Development

Patient demand drives $70 million expansion on Hospital Hill

A rendering shows Truman Medical Center's proposed medical office building, called University Health II.
A rendering shows Truman Medical Center's proposed medical office building, called University Health II.

Growing patient demand is driving Truman Medical Center's proposal to put another medical office building on Hospital Hill.

Truman Medical Center's main hospital is frequently at capacity, President and CEO Charlie Shields said, so the hospital is moving primary care services and its women's clinic north to a new $70 million, four-story glass building, called University Health II. The move will allow Truman to expand its neonatal intensive care unit, or NICU, and add patient rooms to the main hospital.

Shields said academic medical centers in urban areas across the country are seeing rising need for beds. The hospital added an outpatient specialty and surgery care center, called University Health, in 2015.

"This is not 'build it and they will come,' " Shields said. "This is 'they're coming and we need to build it.' "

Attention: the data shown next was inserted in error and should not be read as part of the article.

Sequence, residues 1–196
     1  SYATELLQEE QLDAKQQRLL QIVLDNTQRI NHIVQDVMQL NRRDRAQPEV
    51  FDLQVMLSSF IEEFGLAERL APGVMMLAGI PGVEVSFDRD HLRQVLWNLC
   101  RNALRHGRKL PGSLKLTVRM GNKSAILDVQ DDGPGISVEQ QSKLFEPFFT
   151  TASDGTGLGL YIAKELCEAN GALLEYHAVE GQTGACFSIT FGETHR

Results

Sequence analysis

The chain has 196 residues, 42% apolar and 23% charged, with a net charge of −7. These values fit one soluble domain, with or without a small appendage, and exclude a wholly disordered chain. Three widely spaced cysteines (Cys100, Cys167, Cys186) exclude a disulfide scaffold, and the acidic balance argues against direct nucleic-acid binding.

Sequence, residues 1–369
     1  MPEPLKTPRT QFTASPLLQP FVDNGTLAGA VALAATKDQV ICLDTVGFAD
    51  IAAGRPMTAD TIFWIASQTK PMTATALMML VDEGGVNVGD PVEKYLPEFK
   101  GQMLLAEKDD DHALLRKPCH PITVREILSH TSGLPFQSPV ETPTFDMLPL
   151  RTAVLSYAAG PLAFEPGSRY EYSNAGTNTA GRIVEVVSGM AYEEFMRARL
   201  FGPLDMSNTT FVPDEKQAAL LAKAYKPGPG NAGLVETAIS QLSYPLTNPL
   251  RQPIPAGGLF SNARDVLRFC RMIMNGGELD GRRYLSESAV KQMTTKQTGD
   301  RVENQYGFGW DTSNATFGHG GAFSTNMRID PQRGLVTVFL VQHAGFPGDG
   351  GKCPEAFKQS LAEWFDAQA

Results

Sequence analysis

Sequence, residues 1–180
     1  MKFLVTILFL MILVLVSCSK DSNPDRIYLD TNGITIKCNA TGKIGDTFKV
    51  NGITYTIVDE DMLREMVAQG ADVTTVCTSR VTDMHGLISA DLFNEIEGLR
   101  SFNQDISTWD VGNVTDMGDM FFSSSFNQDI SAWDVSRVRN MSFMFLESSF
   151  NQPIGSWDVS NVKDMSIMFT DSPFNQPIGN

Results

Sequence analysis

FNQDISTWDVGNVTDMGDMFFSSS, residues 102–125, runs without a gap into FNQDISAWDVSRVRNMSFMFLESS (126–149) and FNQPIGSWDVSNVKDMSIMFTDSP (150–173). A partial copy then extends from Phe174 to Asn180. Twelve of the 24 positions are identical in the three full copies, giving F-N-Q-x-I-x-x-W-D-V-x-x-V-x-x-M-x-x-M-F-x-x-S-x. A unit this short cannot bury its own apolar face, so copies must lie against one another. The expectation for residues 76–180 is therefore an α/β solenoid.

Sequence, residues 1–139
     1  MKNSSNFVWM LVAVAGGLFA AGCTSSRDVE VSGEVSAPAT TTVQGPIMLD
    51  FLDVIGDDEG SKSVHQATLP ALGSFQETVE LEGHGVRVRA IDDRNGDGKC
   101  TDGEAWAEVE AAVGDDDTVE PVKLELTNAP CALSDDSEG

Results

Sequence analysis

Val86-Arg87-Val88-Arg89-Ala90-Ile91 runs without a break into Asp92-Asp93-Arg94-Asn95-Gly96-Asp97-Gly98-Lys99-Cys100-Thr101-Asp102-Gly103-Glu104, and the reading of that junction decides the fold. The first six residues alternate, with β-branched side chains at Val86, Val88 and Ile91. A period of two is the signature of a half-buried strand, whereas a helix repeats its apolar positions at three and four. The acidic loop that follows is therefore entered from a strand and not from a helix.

University Health II will sit on the south side of 22nd Street between Campbell and Charlotte streets. Crews are already demolishing the Felix building, which housed a behavioral health vocational program on one floor but was mostly vacant.

“I’m looking out my window as we speak, and it is coming down," Shields said.

The $70 million first phase, with 80,000 square feet, will house primary care offices, the women's clinic, a Walgreens pharmacy and a coffee shop serving Roasterie products. That building is expected to open late next fall.

The hospital also may add a 49,000-square-foot expansion. That would sit directly to the east of the first building on what's now a surface parking lot.

Across Charlotte Street to the west, the hospital plans to have a parking garage. Sky walks will connect the buildings and the garage.

“The idea is that you’ll be able to walk from the hospital to (University Health) I to (University Health) II all in covered space," Shields said.

He said the new building's glass exterior will make it aesthetically appealing.

"The design looks less like a medical office building and more like a performing arts center," Shields said.

The NICU expansion, a partnership with Children's Mercy Hospital, will add nine beds, Shields said. It's not clear how many patient rooms will be added in the main hospital by moving the women's clinic and primary care services.

Staffing the University Health II building will take about 70 physicians, Shields said.

“It’s hard to project at this point, but I think it’s pretty clear we’ll need additional physicians because we anticipate seeing more patients," Shields said.

With construction at Children's Mercy and on retail and residential projects in the area, Shields said, the blocks that make up the UMKC Health Sciences District have a positive "vibe."

"There's a lot of exciting things happening in this part of the city right now," Shields said.

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